For most people, a family is built around married spouses and biological children. Many, however, do choose to adopt rather than have children of their own. There are many different reasons for this, ranging from health-related issues to altruistic motives. However, adoption is not always well understood and, often, prospective parents are required to meet several stringent criteria. Most crucially, adoptive parents need to prove to the adoption agency that they can take care of and provide for the child using existing means.
Most people who apply to adopt a child are interviewed thoroughly by an adoption specialist, usually at their homes. This helps establish significant background information, including the ability of the family to raise the child. The specialist seeks to verify that there is no danger to the child once the child has been adopted, either directly or indirectly. This may also require examining whether the applicants have a criminal record and whether they or anyone else in their household has a history of mistreating children.
If there are already other children in the household, the specialist is likely to check if there have been any instances of neglect. Additionally, according to Arkansas law, if the elders in the house are known to smoke while children are present, they may not be allowed to adopt. The ultimate objective is to ensure that the child be brought into a healthy environment where that child may be provided reasonably sufficient care without any risk whatsoever.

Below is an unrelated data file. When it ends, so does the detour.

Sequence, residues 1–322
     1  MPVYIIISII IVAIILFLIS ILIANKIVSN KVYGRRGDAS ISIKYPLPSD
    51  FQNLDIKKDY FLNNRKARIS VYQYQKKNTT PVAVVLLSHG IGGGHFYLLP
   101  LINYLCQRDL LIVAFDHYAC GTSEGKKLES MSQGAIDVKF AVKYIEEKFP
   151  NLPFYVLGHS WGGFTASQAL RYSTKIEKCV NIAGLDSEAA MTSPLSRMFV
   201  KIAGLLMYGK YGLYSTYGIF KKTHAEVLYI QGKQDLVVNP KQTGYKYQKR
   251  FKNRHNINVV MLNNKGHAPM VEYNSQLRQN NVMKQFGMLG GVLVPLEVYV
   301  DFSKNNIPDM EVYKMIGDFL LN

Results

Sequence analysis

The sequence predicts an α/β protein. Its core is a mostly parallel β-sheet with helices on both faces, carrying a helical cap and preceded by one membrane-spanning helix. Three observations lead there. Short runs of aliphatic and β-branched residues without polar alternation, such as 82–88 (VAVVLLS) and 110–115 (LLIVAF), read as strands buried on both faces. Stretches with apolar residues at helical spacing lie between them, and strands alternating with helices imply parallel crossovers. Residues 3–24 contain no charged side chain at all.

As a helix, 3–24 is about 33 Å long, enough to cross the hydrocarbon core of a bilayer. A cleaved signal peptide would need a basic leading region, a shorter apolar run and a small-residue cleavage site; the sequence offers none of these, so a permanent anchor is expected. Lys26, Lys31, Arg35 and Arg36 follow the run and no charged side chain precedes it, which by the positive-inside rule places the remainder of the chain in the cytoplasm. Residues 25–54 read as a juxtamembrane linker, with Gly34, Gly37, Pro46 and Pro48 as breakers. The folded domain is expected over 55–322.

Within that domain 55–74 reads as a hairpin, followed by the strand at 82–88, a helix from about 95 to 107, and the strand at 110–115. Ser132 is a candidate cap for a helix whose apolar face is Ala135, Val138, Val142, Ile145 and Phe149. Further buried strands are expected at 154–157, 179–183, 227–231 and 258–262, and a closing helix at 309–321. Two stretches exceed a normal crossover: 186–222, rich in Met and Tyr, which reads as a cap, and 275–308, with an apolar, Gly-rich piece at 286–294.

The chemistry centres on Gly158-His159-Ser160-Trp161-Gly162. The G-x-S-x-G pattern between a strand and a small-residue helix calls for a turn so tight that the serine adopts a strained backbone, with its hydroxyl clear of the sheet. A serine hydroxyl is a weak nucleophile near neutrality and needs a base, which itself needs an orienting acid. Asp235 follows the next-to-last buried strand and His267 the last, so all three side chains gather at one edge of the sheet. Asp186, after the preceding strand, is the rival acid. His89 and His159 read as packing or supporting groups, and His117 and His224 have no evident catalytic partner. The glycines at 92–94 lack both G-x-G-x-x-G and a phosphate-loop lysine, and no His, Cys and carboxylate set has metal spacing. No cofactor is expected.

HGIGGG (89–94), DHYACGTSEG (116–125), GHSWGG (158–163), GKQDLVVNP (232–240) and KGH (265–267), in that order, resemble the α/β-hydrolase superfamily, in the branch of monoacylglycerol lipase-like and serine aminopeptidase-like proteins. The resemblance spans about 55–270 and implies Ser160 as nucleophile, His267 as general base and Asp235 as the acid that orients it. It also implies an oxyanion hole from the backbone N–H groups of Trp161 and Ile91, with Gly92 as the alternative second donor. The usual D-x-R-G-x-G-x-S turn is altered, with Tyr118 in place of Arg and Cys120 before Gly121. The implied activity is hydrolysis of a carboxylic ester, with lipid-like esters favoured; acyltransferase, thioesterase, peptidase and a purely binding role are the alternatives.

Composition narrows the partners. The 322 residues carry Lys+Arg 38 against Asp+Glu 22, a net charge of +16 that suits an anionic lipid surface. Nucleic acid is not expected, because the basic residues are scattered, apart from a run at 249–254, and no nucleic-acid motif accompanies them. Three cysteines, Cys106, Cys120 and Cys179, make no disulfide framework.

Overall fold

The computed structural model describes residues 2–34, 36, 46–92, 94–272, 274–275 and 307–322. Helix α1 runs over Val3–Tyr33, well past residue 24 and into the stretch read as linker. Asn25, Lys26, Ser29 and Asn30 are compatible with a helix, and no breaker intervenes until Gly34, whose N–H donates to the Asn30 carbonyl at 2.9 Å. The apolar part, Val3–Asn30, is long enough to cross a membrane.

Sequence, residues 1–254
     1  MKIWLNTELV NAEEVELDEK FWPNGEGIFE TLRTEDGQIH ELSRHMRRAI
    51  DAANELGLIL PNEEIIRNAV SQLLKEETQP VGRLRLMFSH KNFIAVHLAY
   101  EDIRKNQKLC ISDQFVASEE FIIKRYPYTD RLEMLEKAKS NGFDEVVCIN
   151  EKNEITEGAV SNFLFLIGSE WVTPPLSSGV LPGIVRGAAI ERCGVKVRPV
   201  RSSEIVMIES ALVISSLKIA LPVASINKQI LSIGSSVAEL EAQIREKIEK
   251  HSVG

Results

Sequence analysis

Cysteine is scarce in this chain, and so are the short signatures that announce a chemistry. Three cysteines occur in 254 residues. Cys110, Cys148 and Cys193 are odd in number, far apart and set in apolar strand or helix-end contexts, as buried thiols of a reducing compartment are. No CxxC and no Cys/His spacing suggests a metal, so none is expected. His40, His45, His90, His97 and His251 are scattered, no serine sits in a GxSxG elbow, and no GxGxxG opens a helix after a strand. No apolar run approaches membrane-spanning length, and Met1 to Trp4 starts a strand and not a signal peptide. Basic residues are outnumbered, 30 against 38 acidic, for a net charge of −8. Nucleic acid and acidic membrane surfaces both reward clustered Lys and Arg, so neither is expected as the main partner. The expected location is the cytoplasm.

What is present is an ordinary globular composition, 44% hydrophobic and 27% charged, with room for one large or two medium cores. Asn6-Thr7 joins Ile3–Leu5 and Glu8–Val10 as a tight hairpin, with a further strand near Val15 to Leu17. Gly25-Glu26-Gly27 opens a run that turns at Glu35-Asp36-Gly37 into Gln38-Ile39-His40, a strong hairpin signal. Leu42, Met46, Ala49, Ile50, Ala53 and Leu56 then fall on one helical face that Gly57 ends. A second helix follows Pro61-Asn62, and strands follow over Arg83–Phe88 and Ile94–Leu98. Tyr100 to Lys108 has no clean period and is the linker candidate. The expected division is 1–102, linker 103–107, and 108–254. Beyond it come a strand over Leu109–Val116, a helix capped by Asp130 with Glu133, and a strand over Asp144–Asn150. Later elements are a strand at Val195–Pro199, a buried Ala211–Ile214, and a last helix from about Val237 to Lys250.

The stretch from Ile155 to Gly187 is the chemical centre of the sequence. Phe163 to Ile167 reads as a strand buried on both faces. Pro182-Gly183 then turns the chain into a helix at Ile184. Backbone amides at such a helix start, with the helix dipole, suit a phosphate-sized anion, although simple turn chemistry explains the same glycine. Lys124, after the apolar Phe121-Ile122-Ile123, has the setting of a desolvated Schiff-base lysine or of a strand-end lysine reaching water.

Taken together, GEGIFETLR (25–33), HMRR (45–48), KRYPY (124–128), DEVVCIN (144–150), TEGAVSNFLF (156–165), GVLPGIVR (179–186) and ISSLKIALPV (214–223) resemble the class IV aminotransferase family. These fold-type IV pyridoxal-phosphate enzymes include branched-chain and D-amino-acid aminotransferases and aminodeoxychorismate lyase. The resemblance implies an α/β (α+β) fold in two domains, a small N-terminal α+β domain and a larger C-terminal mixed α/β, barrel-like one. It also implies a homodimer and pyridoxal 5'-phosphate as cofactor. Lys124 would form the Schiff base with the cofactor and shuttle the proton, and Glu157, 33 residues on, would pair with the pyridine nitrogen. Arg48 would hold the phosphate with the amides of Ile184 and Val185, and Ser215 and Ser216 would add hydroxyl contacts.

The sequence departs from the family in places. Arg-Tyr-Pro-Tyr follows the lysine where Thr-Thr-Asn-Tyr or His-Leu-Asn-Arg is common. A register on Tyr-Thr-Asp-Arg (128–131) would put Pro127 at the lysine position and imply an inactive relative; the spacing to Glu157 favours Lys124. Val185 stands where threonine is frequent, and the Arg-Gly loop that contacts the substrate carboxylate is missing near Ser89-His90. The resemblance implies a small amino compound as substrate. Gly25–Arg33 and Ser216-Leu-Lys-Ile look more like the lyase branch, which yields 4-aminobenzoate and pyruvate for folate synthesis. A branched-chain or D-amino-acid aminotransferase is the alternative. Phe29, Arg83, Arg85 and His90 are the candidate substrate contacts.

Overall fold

Being cleared to adopt, which may take up to six months, is only part of the struggle, however. There is also the question of determining if the family is indeed particularly suitable for the child they plan to adopt. Sometimes, prospective parents may have their own preferences, which can lengthen the process of matching them to a suitable child. The process may be cumbersome and time-consuming; however, it aims at ensuring that all of the members of the newly created family are reasonably well matched.
Source: Arkansas Heart Gallery, “How to Adopt,” accessed Oct. 16, 2014